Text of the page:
Interview, December 2014
Interview with 2014 Nobel Laureate in Chemistry Eric Betzig, 6 December 2014.
Eric Betzig describes his work in simple terms.
Eric Betzig on breakthroughs.
Eric Betzig on what brought him to science.
Eric Betzig on role models.
Eric Betzig on differences between academia and industry.
Eric Betzig’s future plans.
Eric Betzig on being awarded the Nobel Prize.Copyright © Nobel Media AB 2014
Short interview, December 2014
“I went to the inner space instead of the outer space”
In this interview from the Nobel Banquet on 10 December 2014, Chemistry Laureate Eric Betzig explains why he abandoned his astronaut dream, the feeling of being a Nobel Laureate and the real rewards of doing science.
The 2014 Nobel Laureates met at the Grünewald Hall in the Stockholm Concert Hall in Stockholm on 11 December 2014 for the traditional round-table discussion and TV program ‘Nobel Minds’. The Nobel Laureates discussed the discoveries for which they’ve been honored, how these can be applied in a practical way, and the role of science in today’s society. The discussion was hosted by Zeinab Badawi of the BBC.
Telephone interview with Eric Betzig following the announcement of the 2014 Nobel Prize in Chemistry, 8 October 2014. The interviewer is Adam Smith, Chief Scientific Officer of Nobel Media.
Eric Betzig was in Germany preparing for a keynote when he got the news that he had been awarded the 2014 Nobel Prize in Chemistry together with Stefan W. Hell and William E. Moerner. Hear about how he reacted with “equal measures of happiness and fear” when he got the call from Stockholm.
[Eric Betzig] Hello
[Adam Smith] Oh, hello. My name is Adam Smith, I’m calling from Nobelprize.org, the official website of the Nobel Prize.
[EB] Do you know what time it is right now?
[AS] Yes, it is just coming up to twenty to two in the afternoon.
[EB] OK, twenty to two good. If I ramble on can you cut me off at ten to two ’cause I have to give a talk at two, and set up my slides.
[AS] [Laughs] Of course.
[EB] You know, I have a keynote at a conference here I’m giving at two. Yeah.
[AS] Quite right, well I can bet you’ll get a stunning reception. How nice that you’re sticking to schedule. Well, first of all, you’re in Germany now so how did the news reach you?
[EB] Just the committee themselves, they called me around 11:30.
[AS] And what was your first reaction?
[EB] Well, I mean, shock, a little bit of quakes for about 20 seconds, then equal measures of happiness and fear.
[AS] [Laughs] What’s the fear about?
[EB] The fear is, you know, your life being changed. You know, I mean I really like my life the way it is now. And I don’t need… you know… I’m busy enough as it is. [Laughs] So I don’t like saying no to people and I’m going to have to learn how to say no more. And I mean obviously I’m happy with it but I am a little bit scared about how much it will, particularly over the next three months, affect things.
[AS] Yes indeed.
[EB] It comes with the territory, right?
[AS] You yourself have tended to tread a fairly unconventional path. I mean you resigned from Bell Labs, you stepped away from academia. Quite a risky strategy.
[EB] Well, yes and no. I mean, in my opinion the only real asset one has is one’s reputation, right? I mean any company, and institution can go belly up at any time. But if you have a good reputation, you know, you can usually find somebody who can, who thinks they can use what you have to offer. So, I never really viewed it as all that risky at some level. Frankly, I guess, I don’t really understand why people, why so many people, are so risk averse. You know there’s always ways to wiggle your way out of any situation if you’re motivated enough.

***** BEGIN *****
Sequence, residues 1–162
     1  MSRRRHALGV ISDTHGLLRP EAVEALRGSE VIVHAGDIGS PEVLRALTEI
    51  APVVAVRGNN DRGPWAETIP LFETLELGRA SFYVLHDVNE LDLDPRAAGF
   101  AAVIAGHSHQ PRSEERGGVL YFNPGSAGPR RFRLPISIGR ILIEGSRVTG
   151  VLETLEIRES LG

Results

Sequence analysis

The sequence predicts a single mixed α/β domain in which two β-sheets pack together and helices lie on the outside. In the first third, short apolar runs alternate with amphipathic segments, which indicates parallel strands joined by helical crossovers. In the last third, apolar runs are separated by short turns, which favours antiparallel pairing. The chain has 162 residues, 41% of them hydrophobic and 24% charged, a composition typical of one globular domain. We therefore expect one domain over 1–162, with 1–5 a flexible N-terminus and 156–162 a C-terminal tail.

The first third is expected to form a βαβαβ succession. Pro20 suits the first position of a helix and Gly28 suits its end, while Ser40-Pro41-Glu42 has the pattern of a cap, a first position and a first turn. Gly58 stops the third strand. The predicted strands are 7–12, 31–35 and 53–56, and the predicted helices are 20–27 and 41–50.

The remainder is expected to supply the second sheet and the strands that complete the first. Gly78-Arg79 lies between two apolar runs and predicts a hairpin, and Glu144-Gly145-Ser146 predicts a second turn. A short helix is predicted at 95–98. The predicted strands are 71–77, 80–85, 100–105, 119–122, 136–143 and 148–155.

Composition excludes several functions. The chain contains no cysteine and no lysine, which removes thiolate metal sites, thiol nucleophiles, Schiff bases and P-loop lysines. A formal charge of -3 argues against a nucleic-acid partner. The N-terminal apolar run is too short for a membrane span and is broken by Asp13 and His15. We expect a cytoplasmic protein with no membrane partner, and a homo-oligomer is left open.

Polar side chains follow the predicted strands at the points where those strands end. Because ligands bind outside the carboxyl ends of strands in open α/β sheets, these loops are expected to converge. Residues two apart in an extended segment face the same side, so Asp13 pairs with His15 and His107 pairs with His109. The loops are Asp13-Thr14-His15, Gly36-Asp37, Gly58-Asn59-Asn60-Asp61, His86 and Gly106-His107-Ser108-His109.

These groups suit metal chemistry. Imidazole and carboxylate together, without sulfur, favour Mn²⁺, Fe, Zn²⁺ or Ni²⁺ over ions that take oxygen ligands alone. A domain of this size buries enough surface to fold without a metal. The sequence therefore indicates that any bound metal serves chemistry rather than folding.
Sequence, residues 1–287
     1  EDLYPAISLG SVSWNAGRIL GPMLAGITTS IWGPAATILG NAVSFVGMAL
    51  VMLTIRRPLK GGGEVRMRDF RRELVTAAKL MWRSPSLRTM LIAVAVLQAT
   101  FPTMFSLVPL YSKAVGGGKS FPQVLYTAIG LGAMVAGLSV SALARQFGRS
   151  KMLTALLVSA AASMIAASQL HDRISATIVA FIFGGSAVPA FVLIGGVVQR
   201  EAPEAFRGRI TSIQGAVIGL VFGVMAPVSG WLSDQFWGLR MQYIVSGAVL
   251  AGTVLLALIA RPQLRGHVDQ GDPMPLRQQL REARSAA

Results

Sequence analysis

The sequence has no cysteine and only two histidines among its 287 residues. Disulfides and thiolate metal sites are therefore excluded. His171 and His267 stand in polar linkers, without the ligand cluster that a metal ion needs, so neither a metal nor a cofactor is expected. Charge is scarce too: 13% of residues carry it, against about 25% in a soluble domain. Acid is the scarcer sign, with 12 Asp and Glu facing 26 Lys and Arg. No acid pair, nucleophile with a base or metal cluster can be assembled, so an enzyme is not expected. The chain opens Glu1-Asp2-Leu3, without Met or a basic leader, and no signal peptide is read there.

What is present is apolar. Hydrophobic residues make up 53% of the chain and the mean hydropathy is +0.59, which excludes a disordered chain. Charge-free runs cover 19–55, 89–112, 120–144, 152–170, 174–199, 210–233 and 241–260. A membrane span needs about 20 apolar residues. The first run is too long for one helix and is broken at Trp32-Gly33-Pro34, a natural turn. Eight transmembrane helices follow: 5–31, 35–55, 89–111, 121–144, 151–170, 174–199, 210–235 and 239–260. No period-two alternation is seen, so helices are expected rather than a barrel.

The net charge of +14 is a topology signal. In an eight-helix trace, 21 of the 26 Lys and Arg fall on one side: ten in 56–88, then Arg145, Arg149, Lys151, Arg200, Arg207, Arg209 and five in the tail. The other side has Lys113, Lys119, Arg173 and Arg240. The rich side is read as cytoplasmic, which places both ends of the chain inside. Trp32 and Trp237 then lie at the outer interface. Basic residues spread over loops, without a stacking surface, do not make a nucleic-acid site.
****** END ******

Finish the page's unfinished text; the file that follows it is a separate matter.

[AS] This is a chemistry prize, do you consider yourself a chemist, a physicist, what?
[EB] Ha! I already said to my son, you know, chemistry, I know no chemistry. [Laughs] Chemistry was always my weakest subject in high school and college. I mean, you know, it’s ironic in a way because, you know, trained as a physicist, when I was a young man I would look down on chemists. And then as I started to get into super-resolution and, which is really all about the probes, I came to realise that it was my karma because instead I was on my knees begging the chemists to come up with better probes for me all the time. So, it’s just poetic justice but I’m happy to get it wherever it is. But I would be embarrassed to call myself a chemist.
[AS] Last question. You’ve changed fields a few times in the past. Do you think you’ll change field again?
[EB] Well, I was almost certain I would before this prize happened. Now it’s going to be, now people are going to want to keep me from changing too much. But, you know, it’s probably a quixotic dream but, you know, I’ve always been… when I was a kid I wanted to be an astronaut and I’ve been watching with jealousy the development of the private space transportation companies. You know, if I could ever get away from this, it might be fun some day. Hell, if I was just sweeping the floor of the assembly bay while they were putting the rockets together I just think that would be a blast. You know? I don’t know, I’m an engineer at heart so that impresses me – like super-resolution it’s just a fascinating engineering challenge.
[AS] It’s been a great pleasure to speak to you. Thank you very much indeed. Congratulations again.
[EB] Alright, good, thanks a lot. Bye, bye.
[AS] Thank you, bye bye.
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Their work and discoveries range from the formation of black holes and genetic scissors to efforts to combat hunger and develop new auction formats.
See them all presented here.